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Alumni Society Award – Dr. Andrew Falk

  Thursday, October 20, 2016
Dr. Andrew Falk
Dr. Andrew Falk

Collaboration with students motivates and inspires Dr. Andrew Falk’s teaching and scholarship.

“I look at teaching and mentoring as very collaborative,” he explains of his approach. “Teaching is often thought of as being one-directional, like we have to implant microchips of content into our students’ brains. But education is really supposed to get students to think for themselves and solve problems for themselves.”

An associate professor in the Department of History, Falk received the 2015 Alumni Society Award for Excellence in Teaching and Mentoring. The $2,500 prize celebrates his commitment to teaching, learning excellence and university fellowship. In addition to receiving the award, he gave the keynote address at the 2016 Latin honors convocation during commencement week. In his speech Falk noted, “Many have come to realize that an education is too important to be left solely to the classroom. Many of my colleagues encourage students to view our beautiful campus as merely the staging ground for connecting with the larger world.”

Falk considers study abroad, undergraduate research and internships to be some of the best ways students can fully immerse themselves in the world. “My own research is usually focused on what individual people can do when they engage with the world and how they can affect it. This is an important mission we try to instill in our students,” he says.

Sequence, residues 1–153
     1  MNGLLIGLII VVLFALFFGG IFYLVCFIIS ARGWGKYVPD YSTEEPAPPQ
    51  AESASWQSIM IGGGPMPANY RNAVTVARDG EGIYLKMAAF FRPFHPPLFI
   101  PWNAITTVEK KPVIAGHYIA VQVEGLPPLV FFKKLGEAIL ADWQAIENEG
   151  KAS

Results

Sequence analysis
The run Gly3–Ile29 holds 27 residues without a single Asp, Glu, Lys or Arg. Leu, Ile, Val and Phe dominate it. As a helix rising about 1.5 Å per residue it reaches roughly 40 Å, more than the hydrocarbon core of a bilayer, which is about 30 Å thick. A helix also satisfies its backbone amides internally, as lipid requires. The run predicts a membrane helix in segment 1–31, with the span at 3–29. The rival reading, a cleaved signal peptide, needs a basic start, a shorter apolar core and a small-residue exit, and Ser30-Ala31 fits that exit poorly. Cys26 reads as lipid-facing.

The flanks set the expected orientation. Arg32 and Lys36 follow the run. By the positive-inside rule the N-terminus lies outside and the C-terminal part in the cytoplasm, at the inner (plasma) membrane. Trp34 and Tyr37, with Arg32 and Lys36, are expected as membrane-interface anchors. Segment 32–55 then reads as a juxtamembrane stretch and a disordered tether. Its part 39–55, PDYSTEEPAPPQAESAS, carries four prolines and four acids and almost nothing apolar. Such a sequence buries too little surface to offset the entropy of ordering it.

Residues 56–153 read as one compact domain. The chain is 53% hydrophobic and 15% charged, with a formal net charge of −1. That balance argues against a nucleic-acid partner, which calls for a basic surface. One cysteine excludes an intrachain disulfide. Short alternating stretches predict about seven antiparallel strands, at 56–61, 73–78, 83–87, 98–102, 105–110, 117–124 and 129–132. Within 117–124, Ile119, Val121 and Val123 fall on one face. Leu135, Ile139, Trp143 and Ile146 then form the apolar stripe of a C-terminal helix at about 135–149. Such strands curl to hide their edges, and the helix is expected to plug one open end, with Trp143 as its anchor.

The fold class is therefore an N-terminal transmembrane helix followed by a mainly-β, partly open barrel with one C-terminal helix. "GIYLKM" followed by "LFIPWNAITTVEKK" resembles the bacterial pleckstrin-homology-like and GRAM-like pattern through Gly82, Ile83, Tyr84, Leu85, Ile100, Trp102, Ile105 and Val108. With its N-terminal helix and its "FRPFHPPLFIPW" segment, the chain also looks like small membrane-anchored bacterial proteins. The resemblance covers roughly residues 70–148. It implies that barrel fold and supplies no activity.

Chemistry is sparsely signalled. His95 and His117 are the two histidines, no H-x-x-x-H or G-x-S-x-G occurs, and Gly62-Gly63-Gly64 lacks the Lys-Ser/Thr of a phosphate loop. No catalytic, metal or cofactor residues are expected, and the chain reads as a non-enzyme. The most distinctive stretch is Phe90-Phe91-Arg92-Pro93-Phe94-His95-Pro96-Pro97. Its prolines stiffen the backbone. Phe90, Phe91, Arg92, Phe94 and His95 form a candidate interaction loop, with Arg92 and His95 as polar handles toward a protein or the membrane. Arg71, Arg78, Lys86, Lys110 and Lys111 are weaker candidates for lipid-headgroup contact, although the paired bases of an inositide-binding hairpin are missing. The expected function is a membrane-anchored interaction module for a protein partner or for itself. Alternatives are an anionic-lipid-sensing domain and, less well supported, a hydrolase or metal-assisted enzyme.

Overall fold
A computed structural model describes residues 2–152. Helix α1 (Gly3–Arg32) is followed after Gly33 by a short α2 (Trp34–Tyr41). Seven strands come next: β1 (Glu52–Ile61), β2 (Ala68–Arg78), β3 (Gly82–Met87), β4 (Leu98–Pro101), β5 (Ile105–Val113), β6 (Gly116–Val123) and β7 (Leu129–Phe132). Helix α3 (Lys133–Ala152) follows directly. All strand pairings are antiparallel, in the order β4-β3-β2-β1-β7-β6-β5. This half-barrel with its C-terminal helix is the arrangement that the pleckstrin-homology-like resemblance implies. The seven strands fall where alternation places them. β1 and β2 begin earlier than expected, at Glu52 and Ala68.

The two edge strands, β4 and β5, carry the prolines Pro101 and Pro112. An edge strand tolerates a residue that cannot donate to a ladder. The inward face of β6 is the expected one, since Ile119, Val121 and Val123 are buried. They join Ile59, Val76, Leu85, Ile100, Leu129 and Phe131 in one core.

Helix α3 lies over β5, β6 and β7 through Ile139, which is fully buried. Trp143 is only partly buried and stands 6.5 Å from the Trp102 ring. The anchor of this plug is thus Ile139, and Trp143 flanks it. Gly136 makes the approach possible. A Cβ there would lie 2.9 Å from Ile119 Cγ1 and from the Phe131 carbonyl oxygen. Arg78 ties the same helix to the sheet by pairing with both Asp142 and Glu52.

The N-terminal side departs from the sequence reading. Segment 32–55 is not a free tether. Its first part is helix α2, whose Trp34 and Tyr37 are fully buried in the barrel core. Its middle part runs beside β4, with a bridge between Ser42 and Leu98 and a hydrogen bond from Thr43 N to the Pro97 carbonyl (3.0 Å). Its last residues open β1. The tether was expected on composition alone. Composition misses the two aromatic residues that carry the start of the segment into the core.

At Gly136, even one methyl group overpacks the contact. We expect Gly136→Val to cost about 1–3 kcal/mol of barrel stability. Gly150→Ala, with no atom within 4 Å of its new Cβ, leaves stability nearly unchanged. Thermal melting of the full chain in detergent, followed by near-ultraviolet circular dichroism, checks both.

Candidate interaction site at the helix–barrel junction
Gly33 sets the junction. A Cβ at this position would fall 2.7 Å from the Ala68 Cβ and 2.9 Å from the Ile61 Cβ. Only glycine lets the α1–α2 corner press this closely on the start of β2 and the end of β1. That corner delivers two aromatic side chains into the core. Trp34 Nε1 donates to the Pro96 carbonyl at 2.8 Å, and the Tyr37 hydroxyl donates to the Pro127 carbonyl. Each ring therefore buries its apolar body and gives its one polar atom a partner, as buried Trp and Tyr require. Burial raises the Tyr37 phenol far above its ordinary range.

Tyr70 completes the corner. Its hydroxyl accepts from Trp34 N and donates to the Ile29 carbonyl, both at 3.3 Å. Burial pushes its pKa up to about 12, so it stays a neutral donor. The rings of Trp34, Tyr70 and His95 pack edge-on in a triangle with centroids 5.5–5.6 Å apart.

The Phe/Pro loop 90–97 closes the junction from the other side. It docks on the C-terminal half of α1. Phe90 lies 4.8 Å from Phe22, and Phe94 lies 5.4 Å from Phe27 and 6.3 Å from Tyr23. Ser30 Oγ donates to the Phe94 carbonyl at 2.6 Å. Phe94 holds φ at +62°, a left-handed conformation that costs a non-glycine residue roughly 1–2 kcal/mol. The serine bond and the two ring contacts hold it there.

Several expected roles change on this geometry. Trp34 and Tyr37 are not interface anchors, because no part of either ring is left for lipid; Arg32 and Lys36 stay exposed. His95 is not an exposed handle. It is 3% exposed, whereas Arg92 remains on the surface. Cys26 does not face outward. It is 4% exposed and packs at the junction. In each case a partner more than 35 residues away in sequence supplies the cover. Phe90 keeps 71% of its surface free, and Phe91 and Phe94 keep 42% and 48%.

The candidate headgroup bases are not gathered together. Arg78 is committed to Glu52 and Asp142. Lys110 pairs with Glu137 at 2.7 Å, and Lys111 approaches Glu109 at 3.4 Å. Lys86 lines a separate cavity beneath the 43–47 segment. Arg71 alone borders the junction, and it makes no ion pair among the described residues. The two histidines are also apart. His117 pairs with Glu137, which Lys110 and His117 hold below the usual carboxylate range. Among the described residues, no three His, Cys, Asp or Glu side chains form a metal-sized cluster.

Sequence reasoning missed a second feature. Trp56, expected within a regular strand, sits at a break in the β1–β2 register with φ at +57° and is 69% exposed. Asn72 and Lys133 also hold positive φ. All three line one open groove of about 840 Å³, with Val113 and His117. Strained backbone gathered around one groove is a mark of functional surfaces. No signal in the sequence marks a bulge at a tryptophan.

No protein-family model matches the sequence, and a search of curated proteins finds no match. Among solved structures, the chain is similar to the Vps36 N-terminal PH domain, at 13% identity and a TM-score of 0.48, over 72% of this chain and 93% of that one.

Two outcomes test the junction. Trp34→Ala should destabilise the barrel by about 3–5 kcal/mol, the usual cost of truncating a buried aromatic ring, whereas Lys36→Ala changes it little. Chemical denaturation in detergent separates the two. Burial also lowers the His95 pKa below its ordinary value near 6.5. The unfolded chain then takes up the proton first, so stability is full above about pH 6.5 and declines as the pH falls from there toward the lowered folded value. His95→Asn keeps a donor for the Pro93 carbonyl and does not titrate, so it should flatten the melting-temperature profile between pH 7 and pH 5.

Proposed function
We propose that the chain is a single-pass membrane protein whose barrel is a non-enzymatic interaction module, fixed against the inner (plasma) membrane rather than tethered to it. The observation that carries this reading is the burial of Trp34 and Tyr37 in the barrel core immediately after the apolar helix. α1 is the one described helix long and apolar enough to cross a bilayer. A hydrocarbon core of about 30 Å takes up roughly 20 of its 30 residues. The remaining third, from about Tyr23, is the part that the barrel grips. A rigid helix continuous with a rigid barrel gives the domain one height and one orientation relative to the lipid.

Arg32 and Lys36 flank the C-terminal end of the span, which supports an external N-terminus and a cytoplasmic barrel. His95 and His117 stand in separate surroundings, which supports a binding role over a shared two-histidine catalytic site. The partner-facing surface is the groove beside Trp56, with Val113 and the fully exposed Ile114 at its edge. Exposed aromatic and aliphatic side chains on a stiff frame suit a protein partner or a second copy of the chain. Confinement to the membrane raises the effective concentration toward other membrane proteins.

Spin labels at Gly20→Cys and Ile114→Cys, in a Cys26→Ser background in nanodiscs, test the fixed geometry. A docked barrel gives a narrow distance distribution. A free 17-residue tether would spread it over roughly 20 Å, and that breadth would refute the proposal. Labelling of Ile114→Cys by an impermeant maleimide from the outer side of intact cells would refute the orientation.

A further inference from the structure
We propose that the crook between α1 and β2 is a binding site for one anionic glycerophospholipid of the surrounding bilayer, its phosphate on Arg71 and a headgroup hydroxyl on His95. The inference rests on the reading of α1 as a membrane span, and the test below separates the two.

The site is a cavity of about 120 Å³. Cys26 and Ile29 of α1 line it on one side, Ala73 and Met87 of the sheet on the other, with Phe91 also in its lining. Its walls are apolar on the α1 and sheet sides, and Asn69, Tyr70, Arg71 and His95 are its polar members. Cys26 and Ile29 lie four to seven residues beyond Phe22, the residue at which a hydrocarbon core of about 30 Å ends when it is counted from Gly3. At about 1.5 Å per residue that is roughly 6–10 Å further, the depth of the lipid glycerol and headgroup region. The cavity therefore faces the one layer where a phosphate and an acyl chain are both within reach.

By encouraging students to study abroad, Falk helps them experience what they’ve learned in the classroom out in the real world. He has co-led several study abroad trips with other faculty members, from experiencing the history of World War II and the Cold War in Vienna, Prague and Berlin with Dr. Brian Puaca to spending three weeks in China with Dr. Xiao Xu. Falk calls study abroad a transformative experience, with those who participate often returning more enlightened and engaged.

Inside the classroom, Falk seeks new ways to promote a diversity of interests. When he has students with a background outside of history, he enjoys opening their eyes to the subject’s importance. “I try to help students realize that history is about interpretation, research and finding answers to questions. When they get to read an unfiltered version of history, like a letter or diary entry, they understand the significance of the work,” he explains. Although some of his students may not choose history as a major or pursue the subject professionally, he appreciates the opportunity to surprise and show them history’s true nature.

Having earned his undergraduate degree at an institution similar to Christopher Newport, Falk recognizes the value of a liberal arts and sciences education, which empowers students to become well-rounded citizens. “You’re exposed to the entire array of the human experience,” he says. “I am convinced that is what prepares people for the future.”

Whether it occurs inside or outside the classroom, Falk believes mentorship is a group effort between faculty members and students – and when one student succeeds beyond Christopher Newport, “It is a testament that what goes on at CNU is done well.”


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